The Third

The Fourth is a 320 yard par 4.  Another shorter par 4 where you can take off as much as you want off the tee.  Those that cut off too much will end up in the bunker on the right side, well below the bunker, creating a difficult shot into the green.  The green is almost perpendicular to the fairway, so there are plenty of spots on the fairway that set up well for the approach.  Once again, the tee shot is vital in taking advantage of its shorter distance.  Accuracy is much more important here than distance.

The Fourth

Approach shot territory

Right side off green

The Fifth is a 153 yard par 3.  An uphill par 3 where a long narrow bunker runs along the right side.  The green undulates well and while it tilts into the hillside on the left, the hillside still tends to push balls left to right.  The offline miss continues to be put in tough positions.

Unlike many Rees courses I have played, the miss off the rear side of the green is usually not punished with impunity.  Maybe he forgot.

The Fifth

Looking back at the tee

The Sixth is a 414 yard par 4.  This slight dog leg right is uphill to the green.  The tee shot is a carry over rough and a ravine, with all bunkers on this hole to the right.  The fairway cants to the right, so this makes sense.  The fairway narrows after it’s done turning and the approach will be longer than the yardage because of the incline.  The right front side of the green has bunkers and is well below the green while the left side runs up to it from the fairway.  I thought this hole was tough, then I saw it’s the number one handicapped.  Likely because forgiveness is much less here than other holes and two very good shots are needed to reach the green.

The Sixth

Approach shot territory

A little closer

Almost to the green

The Seventh is a 394 yard par 4.  The tee shot starts off tight but opens up where most shots will end up.  The fairway bends a touch to the right, with a series of bunkers on the left.  The fairway leads up to the green, but narrows once bunkers start coming in below level.  The green is on the larger side and the fairway leads up to it, so pick your line and get it up there to get the flagstick out.  A nice scenic green and point of the course.

The Seventh

Approach shot territory

A little closer, from the right side

The extreme right side.  Water for those shots half a mile off line

The Eighth is a 409 yard par 4.  Lots of room for the tee shot on the dog leg right.  Off fairway is mainly rough and mounding, with trees lining both sides of the fairway.  Similar to the Seventh, the fairway runs into the green, with the sides running into rough and bunkers below.

The Eighth
Approach shot territory

A little closer

Looking back from green

Off fairway mounding

The Ninth is a 522 yard par 5.  The tee shot is above the fairway, which runs downhill to the green and turns left around an elaborate bunker complex on the left.  Getting past the turn off the tee means you have two shots straight down to the green.  You could go for the green in two if you’d like but the fairway tightens up as you get closer to the green.  Bunkers sit below the green on either side, with the bunkers on the right much longer and branching it out to the right.  This is one of the greens where going long will be a very tough draw.  One of my favorite approach shots and greens here, with the mountains in the background and a very punchbowl feel to it, it’s a nice flowing hole.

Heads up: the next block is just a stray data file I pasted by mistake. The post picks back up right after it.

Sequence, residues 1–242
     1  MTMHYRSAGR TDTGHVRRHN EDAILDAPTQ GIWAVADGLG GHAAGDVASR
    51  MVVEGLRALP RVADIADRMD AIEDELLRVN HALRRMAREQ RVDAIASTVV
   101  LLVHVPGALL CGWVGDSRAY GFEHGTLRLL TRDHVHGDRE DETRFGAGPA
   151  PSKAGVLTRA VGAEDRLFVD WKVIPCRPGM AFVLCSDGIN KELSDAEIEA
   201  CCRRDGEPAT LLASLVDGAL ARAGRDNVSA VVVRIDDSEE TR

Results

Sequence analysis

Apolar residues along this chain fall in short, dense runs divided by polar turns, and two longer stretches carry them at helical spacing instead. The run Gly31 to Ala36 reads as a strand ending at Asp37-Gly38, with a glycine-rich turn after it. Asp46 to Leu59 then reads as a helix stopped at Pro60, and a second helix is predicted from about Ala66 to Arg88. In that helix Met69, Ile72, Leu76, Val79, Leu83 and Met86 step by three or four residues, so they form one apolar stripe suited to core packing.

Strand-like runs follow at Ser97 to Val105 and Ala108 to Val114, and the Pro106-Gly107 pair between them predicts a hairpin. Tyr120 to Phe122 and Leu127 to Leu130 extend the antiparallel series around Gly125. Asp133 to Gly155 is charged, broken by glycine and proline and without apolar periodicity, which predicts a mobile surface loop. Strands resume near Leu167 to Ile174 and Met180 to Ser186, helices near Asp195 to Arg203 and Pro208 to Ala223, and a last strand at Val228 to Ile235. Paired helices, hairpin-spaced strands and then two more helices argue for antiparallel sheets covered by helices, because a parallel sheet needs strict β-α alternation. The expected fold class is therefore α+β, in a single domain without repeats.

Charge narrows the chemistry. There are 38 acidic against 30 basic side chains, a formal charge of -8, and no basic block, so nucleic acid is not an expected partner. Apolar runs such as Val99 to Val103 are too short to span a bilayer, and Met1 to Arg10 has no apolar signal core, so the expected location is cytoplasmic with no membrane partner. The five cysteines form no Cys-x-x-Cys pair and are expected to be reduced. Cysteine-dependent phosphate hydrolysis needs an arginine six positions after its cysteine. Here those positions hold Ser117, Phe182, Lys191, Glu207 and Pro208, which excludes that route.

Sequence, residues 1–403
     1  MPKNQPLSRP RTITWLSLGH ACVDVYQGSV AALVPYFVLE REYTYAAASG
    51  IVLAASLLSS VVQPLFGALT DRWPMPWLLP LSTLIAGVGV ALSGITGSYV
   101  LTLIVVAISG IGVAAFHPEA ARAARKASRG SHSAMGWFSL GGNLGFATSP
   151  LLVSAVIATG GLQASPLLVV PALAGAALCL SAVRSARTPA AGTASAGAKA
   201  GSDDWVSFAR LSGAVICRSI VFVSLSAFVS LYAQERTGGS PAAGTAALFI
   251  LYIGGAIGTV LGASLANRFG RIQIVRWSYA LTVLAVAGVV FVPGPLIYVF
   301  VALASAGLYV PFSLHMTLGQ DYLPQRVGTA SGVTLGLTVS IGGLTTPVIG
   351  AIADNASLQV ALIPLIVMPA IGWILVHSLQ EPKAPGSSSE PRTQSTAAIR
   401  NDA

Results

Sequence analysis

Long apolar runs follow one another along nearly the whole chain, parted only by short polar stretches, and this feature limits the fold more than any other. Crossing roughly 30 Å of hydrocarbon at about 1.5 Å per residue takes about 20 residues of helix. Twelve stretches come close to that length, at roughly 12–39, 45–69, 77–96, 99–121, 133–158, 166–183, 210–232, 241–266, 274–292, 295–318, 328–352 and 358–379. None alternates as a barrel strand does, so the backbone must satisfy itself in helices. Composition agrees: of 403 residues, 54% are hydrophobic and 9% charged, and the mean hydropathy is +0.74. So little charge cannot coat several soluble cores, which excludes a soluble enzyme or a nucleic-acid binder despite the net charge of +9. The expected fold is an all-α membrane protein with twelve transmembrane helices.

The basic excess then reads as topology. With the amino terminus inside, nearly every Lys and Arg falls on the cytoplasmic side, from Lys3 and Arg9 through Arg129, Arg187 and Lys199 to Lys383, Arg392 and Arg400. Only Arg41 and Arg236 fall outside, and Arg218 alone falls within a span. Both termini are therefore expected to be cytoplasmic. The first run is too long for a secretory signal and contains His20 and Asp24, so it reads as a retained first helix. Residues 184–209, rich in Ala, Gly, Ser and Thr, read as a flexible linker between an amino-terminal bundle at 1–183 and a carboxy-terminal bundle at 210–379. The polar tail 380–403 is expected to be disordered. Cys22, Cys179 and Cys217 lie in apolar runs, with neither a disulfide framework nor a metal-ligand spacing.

The Ninth
Moving down the fairway 
Approach shot territory

The front nine loops around the south side of the property, rising and falling through the forest and meadows.  The par 5’s are great plays while the par 4’s are a nice collection.  I’d rank them 9, 7, 6, 1, 2, 4, 5, 3, 8.

Even though we were the only ones on the course (or one of the only groups), the halfway house stayed open for us and we were able to warm up a bit with some pretty good darn chili.  With chili and gatorade in hand, we made the turn.

The back nine starts with the 394 yard par 4 Tenth.  The fairway tilts from right to left, with a longer bunker on the left side to collect shots either hit, bounced or rolled into it.  The fairway dips and tightens as you advance to the green, with a more simplistic bunker placement of one on the left low side, the other on the high right.  Placement off the tee is vital while the approach needs to exercise distance control above all else.  Note that the right bunker means you’re hitting to a green running away from you, directly into the bunker on that side, so favoring the left is my play.

The Tenth

Approach shot territory

The Eleventh is a 409 yard par 4.  Ok I’ll admit it, I was a bit confused off the tee here.  There are a total of twelve different tees here, there’s a wall running across the line from the tee to the (right) fairway and there’s a fairway to the left.  I thought it was an optional fairway for the hole while my playing partner thought it was a different hole altogether.  It appears the left fairway is an alternate route to the green while the right is a longer carry but a more direct route to the green.  Either way, the green is off to the left of the tee.  The left fairway is a shorter, more conservative tee shot, but then the approach is to an uphill green that must carry a native area and the left green side bunkers.  The right fairway is a tougher tee shot, but the approach is more level, from a better angle.  Take your pick and know that the approach must be exact to avoid bunkers, or a tricky lie from the rough, probably on a hill.  Lots of fun here.

The Eleventh

A look to the left, to the second fairway

The right fairway

Moving up, near the left side

A little closer